The Former Spain and Barcelona striker Quini died aged 68

 
Enrique Castro, 'Quini', left the Camp Nou, drove home, place the video to record the highlights of the night's games, got back into the car and headed to the airport.  It was 1 March 1981, and Spain's top scorer at the moment, who passed away on Tuesday following a sudden heart attack aged 68, had only scored two goals and was going to collect his wife and kids, who had been flying back into Barcelona from Asturias.  It's there, in Sporting Gijón's El Molinón floor, his body lies in rest and at which the funeral was held on Wednesday, a stadium that will now carry his name, but his loss was felt all over Spain.

Since the tributes arrived, it wasn't just about an amazing footballer who was the top scorer in Spain's first division five occasions, also twice more in the second; a striker who played for Spain, Barcelona and Sporting, but a man who was universally admired; warm, kind and generous, with time for everybody.  He was diagnosed with cancer and lost his brother, a goalkeeper in Sporting when he died saving an English boy from drowning, but Quini overcame both, directing kids who came through at Sporting.  The tribute paid to him by David Villa, where Villa apologized for never being a better striker than the guy who said he'd be when he was a little boy, is especially heartbreaking.  agen sbobet
 

What occurred in March 1981, however, may be the most telling portrait of all.  On the road to the airport that night, Quini pulled into a gas station on Plaça de Comas; a DKW van, its own number plate M9955AX stolen by a Chair, pulled in behind him and two guys got out.   They climbed in together with him and as he retreated, gun pressed into his throat, the van followed his Ford Granada towards Les Corts, where he had been forced to get out and climb in the back of the van.   By then head covered with a hood, Quini, had been imprisoned below the ground at a lock-up at Zaragoza in a cell.  It measured a half and a meter.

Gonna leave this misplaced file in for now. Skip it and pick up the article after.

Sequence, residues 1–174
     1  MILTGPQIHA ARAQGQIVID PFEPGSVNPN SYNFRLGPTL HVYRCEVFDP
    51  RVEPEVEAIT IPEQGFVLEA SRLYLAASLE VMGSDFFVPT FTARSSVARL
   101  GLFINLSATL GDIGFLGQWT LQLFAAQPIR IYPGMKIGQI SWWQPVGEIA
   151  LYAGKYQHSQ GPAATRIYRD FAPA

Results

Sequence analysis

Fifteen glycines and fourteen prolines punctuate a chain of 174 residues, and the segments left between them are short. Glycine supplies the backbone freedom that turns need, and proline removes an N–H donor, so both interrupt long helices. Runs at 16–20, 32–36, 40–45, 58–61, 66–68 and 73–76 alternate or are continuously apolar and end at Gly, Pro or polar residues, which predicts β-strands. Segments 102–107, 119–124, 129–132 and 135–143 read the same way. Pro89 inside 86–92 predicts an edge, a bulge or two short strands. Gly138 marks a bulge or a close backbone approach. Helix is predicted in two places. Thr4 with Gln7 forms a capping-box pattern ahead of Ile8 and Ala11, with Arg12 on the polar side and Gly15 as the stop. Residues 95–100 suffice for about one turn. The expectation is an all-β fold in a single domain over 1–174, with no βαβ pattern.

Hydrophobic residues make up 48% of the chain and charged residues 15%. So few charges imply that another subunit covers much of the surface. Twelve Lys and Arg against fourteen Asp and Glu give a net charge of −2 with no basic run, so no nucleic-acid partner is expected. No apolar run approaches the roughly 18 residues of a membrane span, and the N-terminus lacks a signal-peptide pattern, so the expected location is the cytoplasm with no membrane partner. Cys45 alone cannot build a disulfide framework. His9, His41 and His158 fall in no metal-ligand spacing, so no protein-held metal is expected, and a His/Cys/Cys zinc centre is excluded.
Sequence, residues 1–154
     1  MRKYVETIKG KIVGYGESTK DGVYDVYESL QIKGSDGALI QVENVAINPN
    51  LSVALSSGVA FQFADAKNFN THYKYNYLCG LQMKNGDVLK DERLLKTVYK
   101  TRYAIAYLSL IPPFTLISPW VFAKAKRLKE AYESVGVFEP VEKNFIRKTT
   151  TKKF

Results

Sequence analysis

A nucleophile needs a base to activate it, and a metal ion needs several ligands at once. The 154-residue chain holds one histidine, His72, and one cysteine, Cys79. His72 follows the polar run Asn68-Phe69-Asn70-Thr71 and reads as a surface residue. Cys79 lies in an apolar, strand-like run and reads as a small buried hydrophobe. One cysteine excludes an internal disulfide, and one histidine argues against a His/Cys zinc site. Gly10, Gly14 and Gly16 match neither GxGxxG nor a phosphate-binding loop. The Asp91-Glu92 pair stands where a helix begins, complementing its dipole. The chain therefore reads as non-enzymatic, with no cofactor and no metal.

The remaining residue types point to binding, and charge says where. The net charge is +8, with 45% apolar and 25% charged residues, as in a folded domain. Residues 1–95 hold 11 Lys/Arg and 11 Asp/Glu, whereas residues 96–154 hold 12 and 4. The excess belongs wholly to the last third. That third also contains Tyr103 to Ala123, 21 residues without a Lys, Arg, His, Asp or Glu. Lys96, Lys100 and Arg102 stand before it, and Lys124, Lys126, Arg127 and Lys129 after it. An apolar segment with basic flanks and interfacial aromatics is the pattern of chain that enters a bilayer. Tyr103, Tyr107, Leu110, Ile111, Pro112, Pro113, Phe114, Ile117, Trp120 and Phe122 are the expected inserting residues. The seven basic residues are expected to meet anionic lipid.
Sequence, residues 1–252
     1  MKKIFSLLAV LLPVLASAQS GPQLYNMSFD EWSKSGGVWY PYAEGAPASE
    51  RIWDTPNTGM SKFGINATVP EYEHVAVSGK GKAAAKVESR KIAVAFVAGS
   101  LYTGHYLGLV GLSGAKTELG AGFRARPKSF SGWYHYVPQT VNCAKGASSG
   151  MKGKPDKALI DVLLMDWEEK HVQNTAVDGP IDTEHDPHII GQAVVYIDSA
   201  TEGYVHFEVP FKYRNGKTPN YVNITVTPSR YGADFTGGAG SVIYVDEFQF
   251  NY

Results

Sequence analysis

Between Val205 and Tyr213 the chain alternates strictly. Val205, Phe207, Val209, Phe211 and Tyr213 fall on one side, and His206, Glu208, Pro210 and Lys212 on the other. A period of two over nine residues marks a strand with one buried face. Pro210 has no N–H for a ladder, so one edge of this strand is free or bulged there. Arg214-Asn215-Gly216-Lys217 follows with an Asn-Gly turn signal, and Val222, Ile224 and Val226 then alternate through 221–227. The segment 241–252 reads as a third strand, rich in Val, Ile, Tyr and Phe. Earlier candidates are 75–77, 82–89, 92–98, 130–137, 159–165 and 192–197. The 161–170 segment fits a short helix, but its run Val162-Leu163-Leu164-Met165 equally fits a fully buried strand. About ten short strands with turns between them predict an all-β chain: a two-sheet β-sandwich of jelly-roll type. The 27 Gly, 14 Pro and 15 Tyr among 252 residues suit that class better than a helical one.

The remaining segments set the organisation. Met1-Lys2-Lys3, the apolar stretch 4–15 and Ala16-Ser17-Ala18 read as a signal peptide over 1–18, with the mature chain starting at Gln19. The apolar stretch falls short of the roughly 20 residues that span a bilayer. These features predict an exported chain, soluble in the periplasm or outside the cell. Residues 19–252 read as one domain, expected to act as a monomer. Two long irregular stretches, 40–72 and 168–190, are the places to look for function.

The three guys who shot Quini were on the dole and distressed.  They'd slept rough on the mountain of Montjuic as they planned the kidnapping, and if authorities eventually free Quini, a magazine article on him was one of the things they discovered.  Yet the preparation was far from ideal.  They wanted a ransom for Quini's return but hadn't agreed on how large it should be, finally settling 100m pesetas.  During one phone conversation they started making demands over the way the 10m ought to be paid -- in used, non-consecutive invoices -- just to be asked: "Excuse me? 
"Oh," came the reply, "yeah, the 100 million, that is right. "100 million" That is exactly what I meant." The kidnappers also had no idea how to organize for the ransom money to be delivered.  No account was set up -- Barcelona had to do this for them and they had no clue how to make good their escape.
By Admin Last updated: 5 March 2018, 10:04

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